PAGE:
Commissario Gido Brunetti is having a difficult conversation with his father-in-law, Count Orazio Falier. The Count is hoping that Brunetti will agree to look into the affairs of a mutual elderly friend. It seems that the friend is planning on adopting a younger man as his son, which would make the young man heir to a large fortune, and Brunetti’s father-in-law feels that is not a good thing. But Brunetti thinks that it is not his business, that the friend should be allowed to do as he pleases, and he is reluctant to interfere. I sometimes wonder if these books should be classified as mysteries. As is often the case, most of the book is devoted to Brunetti’s family life, the everyday interaction with his wife and children, his associates at work, the books he is currently reading. And this is what I love most. Life in Venice is slower than it is here. Much more civilized. Brunetti even goes home for a long, home cooked lunch with wife and children. The prose is beautiful, describing lovely food, and a lovely Venice. There is, eventually, a murder. And quickly, and neatly the crime is solved. This is the 28h book in the series. It would be possible to enjoy it as a stand alone, but so much back story would be missing.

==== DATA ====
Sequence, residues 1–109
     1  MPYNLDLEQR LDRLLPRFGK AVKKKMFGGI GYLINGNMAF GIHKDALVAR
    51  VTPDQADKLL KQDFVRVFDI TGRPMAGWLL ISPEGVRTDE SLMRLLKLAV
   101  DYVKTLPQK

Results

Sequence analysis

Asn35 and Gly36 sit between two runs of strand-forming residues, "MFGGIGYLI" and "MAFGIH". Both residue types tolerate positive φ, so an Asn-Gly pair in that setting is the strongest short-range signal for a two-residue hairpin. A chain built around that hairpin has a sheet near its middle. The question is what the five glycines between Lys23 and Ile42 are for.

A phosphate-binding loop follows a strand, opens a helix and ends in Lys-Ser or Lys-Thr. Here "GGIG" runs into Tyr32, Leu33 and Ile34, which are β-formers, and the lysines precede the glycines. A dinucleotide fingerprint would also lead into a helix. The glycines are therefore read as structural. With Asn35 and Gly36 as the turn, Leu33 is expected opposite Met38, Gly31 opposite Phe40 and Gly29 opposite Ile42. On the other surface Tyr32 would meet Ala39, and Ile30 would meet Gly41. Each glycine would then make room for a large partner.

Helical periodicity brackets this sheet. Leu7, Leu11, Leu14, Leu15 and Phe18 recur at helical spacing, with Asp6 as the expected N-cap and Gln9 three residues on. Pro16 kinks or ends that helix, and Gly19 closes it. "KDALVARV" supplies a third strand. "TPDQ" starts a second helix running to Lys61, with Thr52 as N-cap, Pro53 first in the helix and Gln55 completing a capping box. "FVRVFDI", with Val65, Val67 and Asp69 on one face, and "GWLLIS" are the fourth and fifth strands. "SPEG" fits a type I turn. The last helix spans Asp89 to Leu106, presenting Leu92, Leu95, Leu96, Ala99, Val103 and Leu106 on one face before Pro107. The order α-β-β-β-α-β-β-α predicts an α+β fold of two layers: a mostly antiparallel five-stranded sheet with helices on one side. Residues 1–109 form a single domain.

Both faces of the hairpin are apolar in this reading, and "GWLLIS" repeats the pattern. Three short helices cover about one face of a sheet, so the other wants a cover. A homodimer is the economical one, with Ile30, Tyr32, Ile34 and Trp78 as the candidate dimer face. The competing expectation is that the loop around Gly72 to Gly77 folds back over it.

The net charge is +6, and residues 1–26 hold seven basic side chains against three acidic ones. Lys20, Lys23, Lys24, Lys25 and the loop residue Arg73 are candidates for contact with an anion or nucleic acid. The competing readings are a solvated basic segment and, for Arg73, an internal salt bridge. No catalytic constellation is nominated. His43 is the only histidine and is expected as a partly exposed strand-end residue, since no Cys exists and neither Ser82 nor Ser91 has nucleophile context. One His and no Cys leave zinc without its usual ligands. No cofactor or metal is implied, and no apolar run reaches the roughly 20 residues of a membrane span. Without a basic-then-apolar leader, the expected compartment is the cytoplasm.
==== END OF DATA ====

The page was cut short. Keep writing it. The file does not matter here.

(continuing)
eGalley review Publication date 3.5.19